In 2007 the Border Patrol ditched its old straight-legged uniform in favor of more modern, and utilitarian, cargo pants with nylon belts. The shirt, however, wasn’t an improvement. “It doesn’t breathe, it’s too hot, it’s uncomfortable, and it chafes,” says border agent Alberto Trevino. Oh, one more thing: It’s made overseas.
The Border Patrol’s trademark green uniform is made by VF, the Greensboro, N.C., company that owns retail brands like North Face, Timberland, and Vans. The company is a leading supplier of government uniforms through its VF Imagewear division. About half are manufactured outside the U.S., including in El Salvador, Honduras, and Mexico. In 2014, VF Imagewear won a $400 million contract with the U.S. Department of Homeland Security, which oversees the Border Patrol.
Border agents say letting foreign factories produce official uniforms creates a security risk. “We don’t want our uniforms falling into the wrong hands,” says Shawn Moran, vice president of the National Border Patrol Council, the union that represents 18,000 agents. “Cartels will try to do whatever they can. They’ve gone so far as to try to clone border patrol vehicles and drive across the border. Having the uniform on could complete that.”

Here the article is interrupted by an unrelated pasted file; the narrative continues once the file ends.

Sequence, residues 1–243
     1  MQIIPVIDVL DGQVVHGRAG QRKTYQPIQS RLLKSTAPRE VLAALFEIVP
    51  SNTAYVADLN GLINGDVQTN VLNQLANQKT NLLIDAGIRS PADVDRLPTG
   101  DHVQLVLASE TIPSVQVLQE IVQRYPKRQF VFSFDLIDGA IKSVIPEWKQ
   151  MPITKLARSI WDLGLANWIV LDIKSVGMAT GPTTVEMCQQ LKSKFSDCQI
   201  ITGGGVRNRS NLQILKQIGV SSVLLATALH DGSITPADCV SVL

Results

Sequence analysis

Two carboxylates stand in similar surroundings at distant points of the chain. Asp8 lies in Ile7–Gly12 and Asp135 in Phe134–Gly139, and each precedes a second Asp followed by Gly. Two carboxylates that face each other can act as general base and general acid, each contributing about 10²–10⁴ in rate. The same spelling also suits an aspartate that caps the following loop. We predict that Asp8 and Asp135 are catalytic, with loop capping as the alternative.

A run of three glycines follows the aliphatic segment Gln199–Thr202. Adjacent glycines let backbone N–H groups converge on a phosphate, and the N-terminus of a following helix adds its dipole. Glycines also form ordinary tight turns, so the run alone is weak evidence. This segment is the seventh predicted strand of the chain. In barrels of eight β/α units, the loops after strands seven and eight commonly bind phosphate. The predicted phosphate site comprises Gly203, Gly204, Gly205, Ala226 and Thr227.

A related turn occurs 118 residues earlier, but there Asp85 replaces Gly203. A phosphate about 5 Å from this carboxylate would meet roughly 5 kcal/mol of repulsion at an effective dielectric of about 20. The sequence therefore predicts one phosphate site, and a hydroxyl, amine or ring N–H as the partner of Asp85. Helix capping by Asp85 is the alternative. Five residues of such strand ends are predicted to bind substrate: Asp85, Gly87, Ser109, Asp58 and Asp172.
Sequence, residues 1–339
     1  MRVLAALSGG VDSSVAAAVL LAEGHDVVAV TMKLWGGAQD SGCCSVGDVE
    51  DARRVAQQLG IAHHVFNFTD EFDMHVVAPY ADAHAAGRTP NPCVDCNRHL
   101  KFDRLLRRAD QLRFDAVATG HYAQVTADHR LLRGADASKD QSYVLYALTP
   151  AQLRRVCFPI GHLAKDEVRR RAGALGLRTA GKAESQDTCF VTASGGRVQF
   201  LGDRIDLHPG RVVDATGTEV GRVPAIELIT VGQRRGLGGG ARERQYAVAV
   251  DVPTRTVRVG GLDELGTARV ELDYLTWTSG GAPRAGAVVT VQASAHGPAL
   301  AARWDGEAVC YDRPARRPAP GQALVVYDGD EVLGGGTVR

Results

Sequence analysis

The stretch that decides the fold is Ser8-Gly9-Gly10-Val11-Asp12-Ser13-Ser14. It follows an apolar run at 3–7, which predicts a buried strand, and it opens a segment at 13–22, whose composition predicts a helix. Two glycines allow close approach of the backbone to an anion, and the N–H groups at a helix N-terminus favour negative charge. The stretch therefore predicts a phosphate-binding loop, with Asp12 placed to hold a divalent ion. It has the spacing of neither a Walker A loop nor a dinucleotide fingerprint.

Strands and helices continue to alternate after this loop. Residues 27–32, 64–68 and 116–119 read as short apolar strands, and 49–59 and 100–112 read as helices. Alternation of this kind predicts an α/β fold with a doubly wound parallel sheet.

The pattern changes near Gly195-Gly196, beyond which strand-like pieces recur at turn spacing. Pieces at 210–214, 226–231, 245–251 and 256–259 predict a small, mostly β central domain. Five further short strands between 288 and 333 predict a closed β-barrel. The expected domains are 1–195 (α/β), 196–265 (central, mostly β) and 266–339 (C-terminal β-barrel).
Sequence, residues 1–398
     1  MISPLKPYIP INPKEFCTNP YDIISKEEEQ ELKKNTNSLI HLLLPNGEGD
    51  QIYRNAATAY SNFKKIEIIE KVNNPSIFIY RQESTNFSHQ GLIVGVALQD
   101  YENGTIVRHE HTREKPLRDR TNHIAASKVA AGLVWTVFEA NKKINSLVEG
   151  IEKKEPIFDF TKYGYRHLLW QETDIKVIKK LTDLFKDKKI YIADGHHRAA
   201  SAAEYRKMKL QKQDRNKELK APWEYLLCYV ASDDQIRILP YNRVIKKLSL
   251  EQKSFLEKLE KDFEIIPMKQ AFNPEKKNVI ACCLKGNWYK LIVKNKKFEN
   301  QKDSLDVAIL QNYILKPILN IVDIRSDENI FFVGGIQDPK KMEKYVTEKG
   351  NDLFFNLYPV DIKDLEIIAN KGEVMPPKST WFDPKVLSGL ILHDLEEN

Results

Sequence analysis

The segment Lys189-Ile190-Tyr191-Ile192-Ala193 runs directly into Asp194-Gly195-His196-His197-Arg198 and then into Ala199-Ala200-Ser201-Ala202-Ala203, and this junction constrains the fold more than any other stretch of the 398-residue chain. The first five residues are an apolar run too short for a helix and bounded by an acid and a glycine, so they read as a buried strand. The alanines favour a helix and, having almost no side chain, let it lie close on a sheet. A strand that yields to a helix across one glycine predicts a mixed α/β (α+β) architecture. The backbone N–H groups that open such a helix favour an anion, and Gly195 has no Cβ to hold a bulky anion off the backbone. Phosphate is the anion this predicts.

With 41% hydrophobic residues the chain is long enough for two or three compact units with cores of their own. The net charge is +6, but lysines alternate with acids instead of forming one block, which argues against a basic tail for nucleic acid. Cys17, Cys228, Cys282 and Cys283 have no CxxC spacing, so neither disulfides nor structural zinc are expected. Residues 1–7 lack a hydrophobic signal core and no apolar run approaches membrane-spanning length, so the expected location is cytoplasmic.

For the past year, Trevino and other border agents have been helping the union design a better shirt. In mid-October, they presented their bosses in Washington with a prototype by Massif, an Oregon apparel manufacturer that also produces combat gear for the U.S. Army. The upgraded tops have the same sporty epaulets and pointed collar as the current models, but the fabric is more breathable and cut to fit comfortably underneath body armor. The union earlier this year endorsed Republican presidential nominee Donald Trump, who’s campaigned to bring manufacturing back to the U.S.
Since World War II, the Department of Defense has been required to source uniforms and other supplies from U.S. manufacturers. In 2009, as part of the federal stimulus package, Congress passed legislation subjecting the Department of Homeland Security to a similar “buy American” rule. But a provision in the law gave precedence to existing trade agreements, allowing the agency, which buys 900,000 Border Patrol uniform items annually, to continue procuring them abroad. Spokesman Gregory Moore says U.S. Customs and Border Protection is compliant with U.S. and international law.
“VF Imagewear is proud of our partnership with the Department of Homeland Security and U.S. Customs and Border Protection,” VF spokesman Craig Hodges says. “We carefully follow federal government rules and regulations that are in place.” Says David Gallacher, a Washington-based partner at law firm Sheppard Mullin: “I’m not sure there are any alternatives, absent going back to the drawing board and renegotiating these trade agreements.”
The bottom line: Border Patrol uniforms are produced in Central America, but the agents’ union has proposed a U.S.-made design.